Instructor: Liz Falk – Professional Development Educator, Cornell Garden-Based Learning
Ithaca, New York
We know that garden-based learning increases a child’s likelihood to eat fresh vegetables, can increase a child’s attention span, and foster positive relationships across ages. Learn best practices on how to incorporate gardens into schools, to make garden projects successful and sustainable, and to encourage participation from others in your community.
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How many people in the world secretly dream of becoming an artist? Of capturing the beauty in the natural world all around them, recording its treasures? During the past 6 years, I have had the immense pleasure of teaching the type of lifelong learner who takes this leap, through three sequential botanical illustration courses. Students in these courses, each of which is taught twice annually, have come from all over the world. Pakistan, New Zealand, Australia, Costa Rica, Egypt, Russia, Canada, Germany, the Dominican Republic, and the United States represent some of the wonderfully far flung places from which students draw and paint, and then, scan and submit their work for review, along with their words of reflection.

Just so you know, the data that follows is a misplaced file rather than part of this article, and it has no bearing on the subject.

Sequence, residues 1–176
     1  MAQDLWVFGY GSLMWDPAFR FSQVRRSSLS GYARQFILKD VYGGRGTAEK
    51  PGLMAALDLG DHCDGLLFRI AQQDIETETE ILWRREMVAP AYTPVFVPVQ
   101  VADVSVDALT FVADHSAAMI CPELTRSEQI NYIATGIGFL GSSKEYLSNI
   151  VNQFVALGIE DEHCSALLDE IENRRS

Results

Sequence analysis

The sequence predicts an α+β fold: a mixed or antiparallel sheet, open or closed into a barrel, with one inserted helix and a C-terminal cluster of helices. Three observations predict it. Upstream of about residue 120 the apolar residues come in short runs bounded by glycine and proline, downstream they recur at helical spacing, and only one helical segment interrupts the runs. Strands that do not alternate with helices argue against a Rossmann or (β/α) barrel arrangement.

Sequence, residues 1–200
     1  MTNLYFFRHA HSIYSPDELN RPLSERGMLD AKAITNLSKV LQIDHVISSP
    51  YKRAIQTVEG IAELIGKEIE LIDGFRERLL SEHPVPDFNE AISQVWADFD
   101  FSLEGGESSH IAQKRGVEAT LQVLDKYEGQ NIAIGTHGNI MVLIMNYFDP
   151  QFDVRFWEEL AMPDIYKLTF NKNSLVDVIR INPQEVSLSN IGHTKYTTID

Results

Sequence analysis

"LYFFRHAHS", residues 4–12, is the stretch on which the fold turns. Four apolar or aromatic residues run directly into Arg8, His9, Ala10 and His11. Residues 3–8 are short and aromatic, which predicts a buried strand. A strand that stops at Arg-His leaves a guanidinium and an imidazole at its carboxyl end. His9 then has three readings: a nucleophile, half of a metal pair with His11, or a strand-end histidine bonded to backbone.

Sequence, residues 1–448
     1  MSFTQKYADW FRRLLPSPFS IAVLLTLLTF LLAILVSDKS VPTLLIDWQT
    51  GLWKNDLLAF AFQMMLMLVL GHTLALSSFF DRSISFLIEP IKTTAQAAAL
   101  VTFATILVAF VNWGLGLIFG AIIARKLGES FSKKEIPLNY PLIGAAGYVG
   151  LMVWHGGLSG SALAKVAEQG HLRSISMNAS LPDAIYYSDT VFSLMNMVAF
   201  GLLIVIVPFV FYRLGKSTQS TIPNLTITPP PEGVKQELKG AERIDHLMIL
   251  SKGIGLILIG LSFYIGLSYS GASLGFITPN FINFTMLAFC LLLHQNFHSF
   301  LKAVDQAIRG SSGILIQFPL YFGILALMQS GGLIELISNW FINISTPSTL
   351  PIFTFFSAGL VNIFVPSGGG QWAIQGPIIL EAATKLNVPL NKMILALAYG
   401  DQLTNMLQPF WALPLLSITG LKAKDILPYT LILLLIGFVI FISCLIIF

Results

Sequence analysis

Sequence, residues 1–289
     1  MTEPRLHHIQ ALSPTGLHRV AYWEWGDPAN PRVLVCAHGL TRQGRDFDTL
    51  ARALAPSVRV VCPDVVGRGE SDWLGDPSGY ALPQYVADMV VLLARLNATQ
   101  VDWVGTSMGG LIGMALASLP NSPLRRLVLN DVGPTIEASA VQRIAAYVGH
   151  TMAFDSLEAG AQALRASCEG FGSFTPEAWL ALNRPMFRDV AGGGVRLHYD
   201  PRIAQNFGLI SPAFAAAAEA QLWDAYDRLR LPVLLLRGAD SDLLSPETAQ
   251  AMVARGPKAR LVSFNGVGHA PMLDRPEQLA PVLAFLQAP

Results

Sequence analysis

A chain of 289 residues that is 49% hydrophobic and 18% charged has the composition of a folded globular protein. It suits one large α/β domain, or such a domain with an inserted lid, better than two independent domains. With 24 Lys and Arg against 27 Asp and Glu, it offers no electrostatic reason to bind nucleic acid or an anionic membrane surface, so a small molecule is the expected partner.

Many (most?) students have never taken an on-line course. They initially offer a range of responses to Moodle, the interface through which the courses are taught, but all adjust and settle into a routine, immersed in the essential elements of these courses: reading in preparation for a lesson; engaging in a plethora of drawing and painting exercises, depending on the course, which they will scan and upload for feedback; writing reflectively about what they have learned, how they are learning it, and how they are celebrating their learning (or overcoming their challenges!); and talking with one another in a student forum.
There are no ‘lectures.’ Students can be in any time zone, working at their own pace, through the weekly lessons, for a period of about 6 ½ weeks.
Interested in learning more? Click on these links to find out more about Botanical Illustration 1: Basic Drawing Techniques, Botanical Illustration 2: Working with Watercolor, and Botanical Illustration 3: Advanced Techniques.
Participants receive a certificate of completion from Cornell’s Office of Continuing Education. Participants who take all three courses also receive a certificate of completion from the Department of Horticulture.